The Mideast must address the problem of water shortage before it is too late, experts say.
The Middle East must address the problem of water shortage before it is too late, according to a panel of industry experts.
"We can't continue with ‘business as usual' in the water sector," said Christian Decker, regional managing director at MWH Middle East. "If we do not look at how we manage water effectively, things will spiral downwards." Home to 5% of the world's population, the Middle East only has 1% of the world's freshwater resources. A UNDP Human Development Report in 2006 identified it is as one of the most water scarce regions in the world, and a 170 billion cubic metre water shortage is predicted for 2035.
Decker added that sectoral reform, including the need to pay for services around water use, would vastly improve water efficiency. He also highlighted several water-efficient technological solutions such as drip irrigation, and the need for countries to choose the right crop for the local environment. Energy-rich countries, such as the oil-rich Gulf states, should be questioned for using desalinated water to grow bananas, Decker said.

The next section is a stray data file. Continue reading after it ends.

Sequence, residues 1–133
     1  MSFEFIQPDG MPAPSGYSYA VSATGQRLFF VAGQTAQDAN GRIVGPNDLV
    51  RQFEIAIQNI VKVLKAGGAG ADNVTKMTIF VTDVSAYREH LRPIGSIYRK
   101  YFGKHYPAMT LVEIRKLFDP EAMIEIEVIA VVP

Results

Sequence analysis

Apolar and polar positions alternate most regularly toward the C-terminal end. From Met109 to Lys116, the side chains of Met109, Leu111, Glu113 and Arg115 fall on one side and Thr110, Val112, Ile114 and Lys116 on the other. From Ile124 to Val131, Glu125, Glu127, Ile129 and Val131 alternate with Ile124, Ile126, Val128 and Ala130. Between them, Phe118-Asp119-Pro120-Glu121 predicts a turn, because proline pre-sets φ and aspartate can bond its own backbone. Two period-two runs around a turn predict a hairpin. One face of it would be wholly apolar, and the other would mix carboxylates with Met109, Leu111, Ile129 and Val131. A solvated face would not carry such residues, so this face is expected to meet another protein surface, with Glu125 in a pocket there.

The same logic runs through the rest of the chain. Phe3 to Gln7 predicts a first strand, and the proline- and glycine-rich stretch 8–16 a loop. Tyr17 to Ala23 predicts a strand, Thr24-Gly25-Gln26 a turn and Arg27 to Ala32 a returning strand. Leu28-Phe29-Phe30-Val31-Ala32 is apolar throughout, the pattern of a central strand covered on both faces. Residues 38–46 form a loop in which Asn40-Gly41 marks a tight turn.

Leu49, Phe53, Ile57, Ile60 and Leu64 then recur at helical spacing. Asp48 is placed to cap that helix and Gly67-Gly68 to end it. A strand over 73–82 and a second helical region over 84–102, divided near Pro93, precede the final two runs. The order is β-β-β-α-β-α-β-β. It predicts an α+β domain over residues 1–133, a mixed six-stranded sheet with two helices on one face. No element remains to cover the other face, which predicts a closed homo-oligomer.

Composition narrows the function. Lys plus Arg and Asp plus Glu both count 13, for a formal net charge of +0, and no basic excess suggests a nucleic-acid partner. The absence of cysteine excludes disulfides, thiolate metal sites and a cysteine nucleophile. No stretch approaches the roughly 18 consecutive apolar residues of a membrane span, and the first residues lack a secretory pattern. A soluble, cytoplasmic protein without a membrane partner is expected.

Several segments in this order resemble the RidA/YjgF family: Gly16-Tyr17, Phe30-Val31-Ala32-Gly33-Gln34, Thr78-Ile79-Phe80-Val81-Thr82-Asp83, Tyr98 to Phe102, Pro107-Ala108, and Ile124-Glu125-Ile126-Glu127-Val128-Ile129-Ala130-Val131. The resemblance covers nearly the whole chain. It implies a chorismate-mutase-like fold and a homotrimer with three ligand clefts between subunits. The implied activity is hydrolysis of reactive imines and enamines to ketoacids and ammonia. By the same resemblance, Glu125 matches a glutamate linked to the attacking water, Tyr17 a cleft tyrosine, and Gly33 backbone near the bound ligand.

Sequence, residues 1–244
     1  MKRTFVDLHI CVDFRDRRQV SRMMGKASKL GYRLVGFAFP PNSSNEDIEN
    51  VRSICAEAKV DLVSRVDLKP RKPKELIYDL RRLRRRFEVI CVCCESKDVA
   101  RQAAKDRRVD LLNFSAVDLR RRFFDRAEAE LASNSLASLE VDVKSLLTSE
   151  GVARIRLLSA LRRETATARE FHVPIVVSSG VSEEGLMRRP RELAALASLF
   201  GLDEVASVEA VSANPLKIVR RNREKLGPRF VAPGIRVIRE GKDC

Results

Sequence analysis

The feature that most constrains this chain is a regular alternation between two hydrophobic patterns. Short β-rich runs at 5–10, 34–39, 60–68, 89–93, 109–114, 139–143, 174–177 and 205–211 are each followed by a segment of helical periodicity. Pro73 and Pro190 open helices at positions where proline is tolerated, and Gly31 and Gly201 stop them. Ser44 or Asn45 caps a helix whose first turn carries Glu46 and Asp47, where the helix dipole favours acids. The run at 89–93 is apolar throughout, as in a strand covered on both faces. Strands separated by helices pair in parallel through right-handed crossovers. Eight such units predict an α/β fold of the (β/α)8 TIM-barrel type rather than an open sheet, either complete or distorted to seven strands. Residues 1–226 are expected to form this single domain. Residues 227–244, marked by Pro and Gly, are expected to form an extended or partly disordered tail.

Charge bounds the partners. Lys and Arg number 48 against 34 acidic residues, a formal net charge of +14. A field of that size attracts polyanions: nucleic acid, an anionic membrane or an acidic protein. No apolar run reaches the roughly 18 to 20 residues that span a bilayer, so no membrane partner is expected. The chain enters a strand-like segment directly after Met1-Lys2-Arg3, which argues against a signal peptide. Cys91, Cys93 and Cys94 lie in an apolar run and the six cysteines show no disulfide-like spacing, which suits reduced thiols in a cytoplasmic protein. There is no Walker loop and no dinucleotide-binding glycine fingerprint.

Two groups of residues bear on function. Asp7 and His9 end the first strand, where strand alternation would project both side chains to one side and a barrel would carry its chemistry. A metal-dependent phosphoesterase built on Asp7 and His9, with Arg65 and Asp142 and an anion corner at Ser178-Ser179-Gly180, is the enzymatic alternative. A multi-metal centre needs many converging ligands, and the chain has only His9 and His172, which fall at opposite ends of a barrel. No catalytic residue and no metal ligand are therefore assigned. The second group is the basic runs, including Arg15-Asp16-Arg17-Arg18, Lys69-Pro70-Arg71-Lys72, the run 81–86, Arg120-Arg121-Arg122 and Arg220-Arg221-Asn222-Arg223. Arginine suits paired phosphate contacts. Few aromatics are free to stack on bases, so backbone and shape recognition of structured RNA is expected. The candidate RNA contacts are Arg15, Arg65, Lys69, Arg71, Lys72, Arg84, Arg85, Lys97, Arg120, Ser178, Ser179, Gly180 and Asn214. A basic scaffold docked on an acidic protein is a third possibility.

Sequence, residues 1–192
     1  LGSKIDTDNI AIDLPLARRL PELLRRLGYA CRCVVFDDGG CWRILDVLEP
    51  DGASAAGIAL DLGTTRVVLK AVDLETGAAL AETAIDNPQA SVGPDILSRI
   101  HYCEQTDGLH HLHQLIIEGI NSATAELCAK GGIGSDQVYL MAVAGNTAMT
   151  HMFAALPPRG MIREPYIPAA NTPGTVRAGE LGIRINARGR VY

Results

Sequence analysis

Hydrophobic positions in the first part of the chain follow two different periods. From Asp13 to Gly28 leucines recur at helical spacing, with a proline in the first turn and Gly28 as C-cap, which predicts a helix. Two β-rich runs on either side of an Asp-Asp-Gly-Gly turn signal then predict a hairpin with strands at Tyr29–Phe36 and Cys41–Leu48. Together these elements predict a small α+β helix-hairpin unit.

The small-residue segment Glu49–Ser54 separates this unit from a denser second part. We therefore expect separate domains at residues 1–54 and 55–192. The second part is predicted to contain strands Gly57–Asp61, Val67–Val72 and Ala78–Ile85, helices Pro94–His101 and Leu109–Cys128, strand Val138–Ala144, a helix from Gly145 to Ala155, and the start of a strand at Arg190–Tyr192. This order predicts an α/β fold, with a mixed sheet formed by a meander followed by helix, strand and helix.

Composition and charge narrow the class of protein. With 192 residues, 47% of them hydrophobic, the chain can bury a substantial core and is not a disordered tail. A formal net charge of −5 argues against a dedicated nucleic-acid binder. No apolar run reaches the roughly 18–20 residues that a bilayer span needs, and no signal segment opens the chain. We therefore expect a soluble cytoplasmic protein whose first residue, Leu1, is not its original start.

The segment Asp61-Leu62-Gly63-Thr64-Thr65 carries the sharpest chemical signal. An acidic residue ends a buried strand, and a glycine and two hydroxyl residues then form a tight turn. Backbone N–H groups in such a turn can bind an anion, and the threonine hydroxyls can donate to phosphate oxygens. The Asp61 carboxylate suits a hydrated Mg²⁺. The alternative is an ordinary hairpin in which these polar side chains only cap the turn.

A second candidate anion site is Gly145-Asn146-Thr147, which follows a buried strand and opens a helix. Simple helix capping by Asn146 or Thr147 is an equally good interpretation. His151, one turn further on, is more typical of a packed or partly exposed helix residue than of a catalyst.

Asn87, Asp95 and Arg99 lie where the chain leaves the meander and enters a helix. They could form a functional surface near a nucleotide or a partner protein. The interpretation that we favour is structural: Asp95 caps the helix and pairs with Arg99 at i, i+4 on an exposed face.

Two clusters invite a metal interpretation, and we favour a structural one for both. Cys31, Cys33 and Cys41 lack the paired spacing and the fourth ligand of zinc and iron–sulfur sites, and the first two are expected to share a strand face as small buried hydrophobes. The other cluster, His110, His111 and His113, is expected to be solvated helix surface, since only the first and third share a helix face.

He was joined in his concern by Helmy Abouleish, vice-chairman and managing director of Egypt's Sekem Group. With a rapidly growing population and increased water demand, Abouleish warned that the country could not continue with its current agricultural practices.
"In the long term, we have to reduce the number of people working in agriculture," he said. "Today, 50% of the Egyptian population is involved in the agricultural sector. This is much too high to be efficient."
He added that there are, however, many opportunities to save large amounts of water and use it better, including organic farming, which is conducive to better water holding capacity and creates less soil damage and carbon emissions, compared to using chemicals and fertilizers.